“We have to find our living quarters,” Zandra said and motioned towards the door heading into the station. Ferro was already ahead of us.

“What’s the hurry?” Laylah asked.

“You know the Marines. Everything’s got a bell,” Adelaide said as she stepped in between us.

“I don’t want to spend our first hours in space locked up in our bedrooms,” I said. “We should all check in and make sure they delivered our lockers. But then I’m off to watch our departure from the atrium. I hear it is a wonder.”

“I’m with you, sister,” Zandra nodded. “No time to waste cooped up. And we should check in on the animals.”

“Okay Seeders, keep it moving,” Dallas said, rushing us down a hall that was almost too narrow.


“I see your quarters are as luxurious as mine,” Laylah said as she entered.

“Come in. Just don’t try to turn around.”

“They said we’d be cramped.”

“Yes they did.”

“Shall we head down?”

“Yes. Just need to move this under here,” I said as I shoved a second locker under the bed.

“You need help?”

“No. I’m good.” I pulled out some tape from my jacket pocket and put it on the back seals of both lockers. To tell if anyone tried to open them. To tell if anyone opened them.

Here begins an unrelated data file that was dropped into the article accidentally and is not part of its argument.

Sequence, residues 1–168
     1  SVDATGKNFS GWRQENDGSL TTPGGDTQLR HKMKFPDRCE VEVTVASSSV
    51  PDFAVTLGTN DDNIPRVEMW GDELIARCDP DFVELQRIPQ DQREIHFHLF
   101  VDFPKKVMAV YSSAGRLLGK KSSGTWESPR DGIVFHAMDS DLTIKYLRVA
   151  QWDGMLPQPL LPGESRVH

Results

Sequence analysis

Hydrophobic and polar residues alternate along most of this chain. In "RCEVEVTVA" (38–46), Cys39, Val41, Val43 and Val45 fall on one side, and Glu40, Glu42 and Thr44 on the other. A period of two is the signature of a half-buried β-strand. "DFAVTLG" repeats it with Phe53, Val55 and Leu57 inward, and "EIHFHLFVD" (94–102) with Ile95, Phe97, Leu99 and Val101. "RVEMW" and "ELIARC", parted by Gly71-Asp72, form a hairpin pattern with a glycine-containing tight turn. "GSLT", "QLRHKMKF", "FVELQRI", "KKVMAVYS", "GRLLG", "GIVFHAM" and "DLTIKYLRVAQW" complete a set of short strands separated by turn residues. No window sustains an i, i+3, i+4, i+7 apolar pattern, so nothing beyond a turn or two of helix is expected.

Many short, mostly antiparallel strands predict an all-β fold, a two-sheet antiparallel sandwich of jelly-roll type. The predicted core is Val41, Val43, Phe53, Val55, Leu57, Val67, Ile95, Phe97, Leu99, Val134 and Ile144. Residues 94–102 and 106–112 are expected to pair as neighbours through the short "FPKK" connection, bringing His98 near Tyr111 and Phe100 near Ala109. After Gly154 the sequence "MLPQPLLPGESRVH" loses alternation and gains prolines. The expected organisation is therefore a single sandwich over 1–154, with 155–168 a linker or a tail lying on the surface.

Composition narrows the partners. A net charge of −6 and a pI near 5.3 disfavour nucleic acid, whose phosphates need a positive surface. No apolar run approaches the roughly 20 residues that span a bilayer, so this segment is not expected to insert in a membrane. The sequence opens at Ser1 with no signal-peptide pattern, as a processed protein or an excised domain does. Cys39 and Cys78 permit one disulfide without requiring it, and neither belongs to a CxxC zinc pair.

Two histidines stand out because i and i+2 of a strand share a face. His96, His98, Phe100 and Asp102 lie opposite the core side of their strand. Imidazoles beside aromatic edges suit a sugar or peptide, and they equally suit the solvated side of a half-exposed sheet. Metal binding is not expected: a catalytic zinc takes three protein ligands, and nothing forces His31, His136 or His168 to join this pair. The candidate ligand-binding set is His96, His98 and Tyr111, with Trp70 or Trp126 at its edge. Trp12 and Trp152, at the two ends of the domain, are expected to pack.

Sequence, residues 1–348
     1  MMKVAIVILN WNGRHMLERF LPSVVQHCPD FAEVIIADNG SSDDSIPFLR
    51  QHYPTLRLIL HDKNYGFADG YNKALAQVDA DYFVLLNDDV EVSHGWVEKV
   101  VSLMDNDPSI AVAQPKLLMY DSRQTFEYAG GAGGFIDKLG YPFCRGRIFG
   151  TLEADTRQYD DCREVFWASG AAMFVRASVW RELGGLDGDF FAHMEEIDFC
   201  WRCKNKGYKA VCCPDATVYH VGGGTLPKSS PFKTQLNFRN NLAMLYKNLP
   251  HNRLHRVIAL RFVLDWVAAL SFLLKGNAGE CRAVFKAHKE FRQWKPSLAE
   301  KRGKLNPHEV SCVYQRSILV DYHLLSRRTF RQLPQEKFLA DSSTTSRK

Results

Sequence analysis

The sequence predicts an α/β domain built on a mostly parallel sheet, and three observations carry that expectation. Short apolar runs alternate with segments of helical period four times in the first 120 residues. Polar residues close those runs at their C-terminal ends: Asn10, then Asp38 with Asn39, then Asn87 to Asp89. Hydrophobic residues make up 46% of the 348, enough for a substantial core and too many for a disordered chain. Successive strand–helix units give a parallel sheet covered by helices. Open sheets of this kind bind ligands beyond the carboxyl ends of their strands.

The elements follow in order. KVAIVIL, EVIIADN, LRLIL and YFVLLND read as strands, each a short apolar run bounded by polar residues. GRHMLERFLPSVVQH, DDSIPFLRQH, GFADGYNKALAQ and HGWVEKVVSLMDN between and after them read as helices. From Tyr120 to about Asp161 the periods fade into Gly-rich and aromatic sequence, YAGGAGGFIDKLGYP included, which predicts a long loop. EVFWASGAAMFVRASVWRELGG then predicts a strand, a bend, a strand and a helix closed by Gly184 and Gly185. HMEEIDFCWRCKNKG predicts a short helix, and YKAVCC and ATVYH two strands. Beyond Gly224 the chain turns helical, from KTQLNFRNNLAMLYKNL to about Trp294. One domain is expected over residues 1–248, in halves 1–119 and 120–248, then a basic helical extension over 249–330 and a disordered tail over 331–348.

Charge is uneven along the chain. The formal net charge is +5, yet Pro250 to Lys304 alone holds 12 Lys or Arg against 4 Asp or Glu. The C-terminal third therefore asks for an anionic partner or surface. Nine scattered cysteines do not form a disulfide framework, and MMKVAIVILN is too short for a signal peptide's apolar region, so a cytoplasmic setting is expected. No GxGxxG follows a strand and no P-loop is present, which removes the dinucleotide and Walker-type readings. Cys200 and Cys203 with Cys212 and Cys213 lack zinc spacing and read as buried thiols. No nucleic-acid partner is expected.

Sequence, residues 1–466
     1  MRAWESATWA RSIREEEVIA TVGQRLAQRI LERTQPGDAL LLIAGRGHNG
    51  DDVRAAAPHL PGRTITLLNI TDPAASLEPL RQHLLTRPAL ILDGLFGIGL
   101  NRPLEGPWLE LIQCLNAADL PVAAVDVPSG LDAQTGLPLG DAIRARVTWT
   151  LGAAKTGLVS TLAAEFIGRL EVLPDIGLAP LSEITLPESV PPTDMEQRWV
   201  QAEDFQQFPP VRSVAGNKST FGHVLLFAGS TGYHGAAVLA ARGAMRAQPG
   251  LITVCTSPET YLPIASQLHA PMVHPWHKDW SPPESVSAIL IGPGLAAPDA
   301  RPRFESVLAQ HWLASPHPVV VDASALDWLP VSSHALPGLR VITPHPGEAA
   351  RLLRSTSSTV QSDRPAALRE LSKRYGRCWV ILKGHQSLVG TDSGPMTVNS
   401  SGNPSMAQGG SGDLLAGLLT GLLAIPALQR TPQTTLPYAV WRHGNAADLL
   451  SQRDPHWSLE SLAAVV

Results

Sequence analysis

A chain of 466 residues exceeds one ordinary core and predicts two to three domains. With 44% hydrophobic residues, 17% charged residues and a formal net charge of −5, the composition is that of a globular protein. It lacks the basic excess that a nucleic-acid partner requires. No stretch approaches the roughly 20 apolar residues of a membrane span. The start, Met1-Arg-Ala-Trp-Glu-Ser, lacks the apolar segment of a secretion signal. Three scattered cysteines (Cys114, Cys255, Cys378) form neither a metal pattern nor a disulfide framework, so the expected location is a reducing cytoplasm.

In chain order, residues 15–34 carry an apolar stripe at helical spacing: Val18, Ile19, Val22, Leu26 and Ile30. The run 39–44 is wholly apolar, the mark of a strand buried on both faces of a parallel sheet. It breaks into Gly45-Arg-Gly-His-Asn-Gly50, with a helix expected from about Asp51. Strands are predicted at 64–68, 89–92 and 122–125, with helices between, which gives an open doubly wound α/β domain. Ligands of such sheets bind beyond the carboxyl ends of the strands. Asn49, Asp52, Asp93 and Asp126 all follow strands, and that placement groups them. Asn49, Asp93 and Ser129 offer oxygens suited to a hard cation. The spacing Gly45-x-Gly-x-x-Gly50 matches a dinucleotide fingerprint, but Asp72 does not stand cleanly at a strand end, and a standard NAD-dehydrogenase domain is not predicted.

“If they got through security…”

“I know. I’m being paranoid.”

“It’s what we love about you.”

And off we went to check out the atrium, an assemblage of various stage growth plants in a deep bed of soil, the room surrounded by a thick glass shielding. We could watch our departure from Earth surrounded by Earth’s smells. And history is nothing if not about smells.

We stopped for Zandra, Petra, Bernadette, Hilda, and Adelaide on our way. We were all together, enjoying our slosh of anticipation — a delicious mix of excitement and apprehension. And then we were stopped. Two armed Marines stopped us at a juncture of four narrow halls. Adelaide stepped forward.